Sometimes I get questions from teachers and parents about the value of play therapy. Why, they ask, should students who are behaving badly in the classroom be rewarded by getting to come to my office to play? How will playing with my child improve her behavior? Continue reading “Why Play Therapy?”
I have argued here that play emerges in a transitional space, a space between inner and outer, between me and not me, and between me and you. I have focused on play as an intersubjective phenomenon, but what about play that occurs when someone is alone? Continue reading “What constitutes a viable space for play?”
Between 1943 and 1962, D. W. Winnicott gave over 50 talks broadcast by the BBC. In these talks, given for parents (actually, primarily for mothers), Winnicott discusses what he has observed between mothers and infants and elaborates his theory of human development. Continue reading “Listen to Winnicott”
I interviewed Chris Goedecke, of the Wind School, about the relationship between play and identity in the Dojo. Continue reading Podcast: Transitional Space in the Dojo
In an earlier post, I wrote about the contradictions we in modern society have about play. On one hand, we trivialize play and see it as a waste of time, only appropriate for children, not for adults who should be attending to more serious matters. On the other, we express nostalgia for an era when there was more time for undirected play.
The work of psychoanalyst Paul Verhaeghe offers a framework for understanding this ambivalence and our split views about play. Continue reading “Is there such a thing as too much play? Part 2”
Two podcasts featuring Winnicott offer listeners very different ways of thinking about human engagement with ideas, each other, the outside world and ourselves. Each asks Winnicottian questions about how an individual identity is constructed in relation to human and non-human objects and about how human thought and creativity emerges. Continue reading “Two Winnicottian Podcasts”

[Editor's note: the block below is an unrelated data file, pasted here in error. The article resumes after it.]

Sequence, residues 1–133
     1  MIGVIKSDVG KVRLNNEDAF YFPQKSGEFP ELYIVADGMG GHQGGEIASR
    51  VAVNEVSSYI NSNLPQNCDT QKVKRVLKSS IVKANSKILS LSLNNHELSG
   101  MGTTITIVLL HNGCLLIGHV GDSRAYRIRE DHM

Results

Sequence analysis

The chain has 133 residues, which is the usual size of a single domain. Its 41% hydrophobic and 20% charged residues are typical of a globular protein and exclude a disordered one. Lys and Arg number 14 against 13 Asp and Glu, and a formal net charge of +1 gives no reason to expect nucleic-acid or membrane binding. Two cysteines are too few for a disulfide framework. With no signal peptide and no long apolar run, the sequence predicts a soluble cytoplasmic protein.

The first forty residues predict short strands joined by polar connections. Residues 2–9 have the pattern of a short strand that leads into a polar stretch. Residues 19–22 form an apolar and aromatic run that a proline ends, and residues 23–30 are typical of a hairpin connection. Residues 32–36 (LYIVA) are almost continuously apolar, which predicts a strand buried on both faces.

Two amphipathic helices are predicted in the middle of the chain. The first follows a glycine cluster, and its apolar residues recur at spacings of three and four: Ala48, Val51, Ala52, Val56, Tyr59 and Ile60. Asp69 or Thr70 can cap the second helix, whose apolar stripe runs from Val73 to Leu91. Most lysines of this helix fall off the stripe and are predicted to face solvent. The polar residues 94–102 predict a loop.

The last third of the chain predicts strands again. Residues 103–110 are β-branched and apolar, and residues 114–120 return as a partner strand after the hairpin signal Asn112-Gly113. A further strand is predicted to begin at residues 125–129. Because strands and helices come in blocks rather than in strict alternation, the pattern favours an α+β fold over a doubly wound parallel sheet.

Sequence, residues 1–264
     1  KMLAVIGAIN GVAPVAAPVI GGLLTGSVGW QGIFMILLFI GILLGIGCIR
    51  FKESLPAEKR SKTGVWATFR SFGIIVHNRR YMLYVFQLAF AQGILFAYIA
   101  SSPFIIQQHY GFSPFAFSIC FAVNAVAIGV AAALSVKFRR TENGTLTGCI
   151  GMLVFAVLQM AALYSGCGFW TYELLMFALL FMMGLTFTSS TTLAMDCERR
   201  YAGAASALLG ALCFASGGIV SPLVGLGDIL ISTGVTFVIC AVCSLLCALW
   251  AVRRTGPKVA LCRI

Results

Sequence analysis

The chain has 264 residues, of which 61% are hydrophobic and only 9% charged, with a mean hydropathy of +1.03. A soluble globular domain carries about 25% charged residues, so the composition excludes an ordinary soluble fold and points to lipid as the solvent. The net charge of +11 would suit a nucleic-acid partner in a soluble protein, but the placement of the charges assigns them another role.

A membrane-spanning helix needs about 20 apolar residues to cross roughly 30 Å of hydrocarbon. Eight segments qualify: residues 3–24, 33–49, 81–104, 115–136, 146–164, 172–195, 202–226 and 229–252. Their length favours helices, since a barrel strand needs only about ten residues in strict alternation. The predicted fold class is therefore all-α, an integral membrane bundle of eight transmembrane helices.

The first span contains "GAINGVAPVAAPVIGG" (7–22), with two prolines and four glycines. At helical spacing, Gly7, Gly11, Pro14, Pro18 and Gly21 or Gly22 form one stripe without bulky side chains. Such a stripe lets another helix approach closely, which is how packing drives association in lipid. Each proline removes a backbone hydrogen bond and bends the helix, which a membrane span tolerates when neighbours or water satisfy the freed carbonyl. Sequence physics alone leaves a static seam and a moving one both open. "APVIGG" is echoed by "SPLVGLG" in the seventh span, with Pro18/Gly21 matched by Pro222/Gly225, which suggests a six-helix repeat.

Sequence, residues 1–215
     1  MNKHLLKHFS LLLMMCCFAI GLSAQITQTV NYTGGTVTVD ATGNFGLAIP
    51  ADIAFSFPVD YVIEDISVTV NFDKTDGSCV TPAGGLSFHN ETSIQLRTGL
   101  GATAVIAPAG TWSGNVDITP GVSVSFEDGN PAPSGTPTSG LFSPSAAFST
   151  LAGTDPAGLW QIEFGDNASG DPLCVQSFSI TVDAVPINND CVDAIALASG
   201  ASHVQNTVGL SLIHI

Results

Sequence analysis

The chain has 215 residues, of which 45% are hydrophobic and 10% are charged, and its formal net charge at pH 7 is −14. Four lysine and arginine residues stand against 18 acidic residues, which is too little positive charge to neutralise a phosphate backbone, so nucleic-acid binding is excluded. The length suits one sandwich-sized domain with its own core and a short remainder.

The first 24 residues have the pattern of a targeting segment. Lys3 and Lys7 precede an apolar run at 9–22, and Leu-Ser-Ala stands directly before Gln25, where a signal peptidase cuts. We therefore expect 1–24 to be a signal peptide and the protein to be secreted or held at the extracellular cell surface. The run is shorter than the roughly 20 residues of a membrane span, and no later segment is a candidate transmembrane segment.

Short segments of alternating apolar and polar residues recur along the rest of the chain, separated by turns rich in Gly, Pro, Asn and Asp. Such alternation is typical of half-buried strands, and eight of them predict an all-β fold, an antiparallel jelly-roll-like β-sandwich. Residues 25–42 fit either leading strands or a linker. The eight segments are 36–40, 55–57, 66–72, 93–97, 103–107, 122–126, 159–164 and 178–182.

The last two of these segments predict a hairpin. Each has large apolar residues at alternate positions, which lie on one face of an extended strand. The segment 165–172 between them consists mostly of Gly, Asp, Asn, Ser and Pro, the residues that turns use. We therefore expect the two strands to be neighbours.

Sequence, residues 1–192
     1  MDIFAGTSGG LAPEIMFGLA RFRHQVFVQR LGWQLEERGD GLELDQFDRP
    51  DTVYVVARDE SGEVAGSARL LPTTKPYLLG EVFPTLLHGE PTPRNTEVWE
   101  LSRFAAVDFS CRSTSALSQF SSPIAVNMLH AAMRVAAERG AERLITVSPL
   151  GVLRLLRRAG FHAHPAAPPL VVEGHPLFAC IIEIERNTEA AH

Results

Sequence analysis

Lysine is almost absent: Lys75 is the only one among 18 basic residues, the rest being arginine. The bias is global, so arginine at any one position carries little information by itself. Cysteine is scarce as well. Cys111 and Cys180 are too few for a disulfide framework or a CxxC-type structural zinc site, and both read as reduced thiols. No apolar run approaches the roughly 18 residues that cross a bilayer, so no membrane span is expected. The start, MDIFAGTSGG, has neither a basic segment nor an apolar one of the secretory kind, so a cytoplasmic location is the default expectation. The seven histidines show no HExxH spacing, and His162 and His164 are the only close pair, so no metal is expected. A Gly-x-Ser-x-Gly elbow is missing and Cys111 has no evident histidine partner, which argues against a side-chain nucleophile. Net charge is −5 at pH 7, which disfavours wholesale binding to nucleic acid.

In the opening credits of Lars and the Real Girl, protagonist Lars Lindstrom (Ryan Gosling) is pictured looking out of the window of his garage apartment, warming himself with a blanket that we later learn was knitted for him by his mother when she was pregnant with him. In this close-up of his face, the blanket covers his mouth, so the only indication of his state of mind is the expression of his eyes. The feeling is somber, intensified by the apparent cold temperature. In the frosty window pane is the reflection of the dark and cloudy sky. The film opens with the shot of a lone man, one we will soon learn is terrifyingly lonely, and with a cold feeling, mediated only by the soft, handmade blanket. Continue reading “Lars and the Real Girl & Winnicott”
Click here to see a timeline that features the major figures in the history of the play therapy and offers a brief introduction to their theories. Continue reading “A Brief History of Play Therapy”
I have written in an earlier post about how depriving human beings of opportunities and spaces for play leads to increased stress, anxiety and depression.
According to Ashton Katherine Carrick, a senior at the University of North Carolina, Chapel Hill, stress that begins in high school, with the imperative to spend all available time preparing a college resume, follows young adults right into college. In a New York Times op-ed piece , reflecting on her experience as a college student, Carrick observes that stress is the cause of drinking to blackout. Continue reading “Drinking, Play & Identity”
This beautiful family photograph, posted on Flickr by photographer Bob Whitehead, offers an idealized look at the mother/infant relationship. Composed such that the mother and infant comprise the entire field, the image emphasizes the importance, in our culture, of motherly love. The emotional bond between this mother/daughter pair is emblematized in the “eskimo kiss,” noses touching and in the open mouth smiles of both members of the dyad. Continue reading “Mothers & Infants”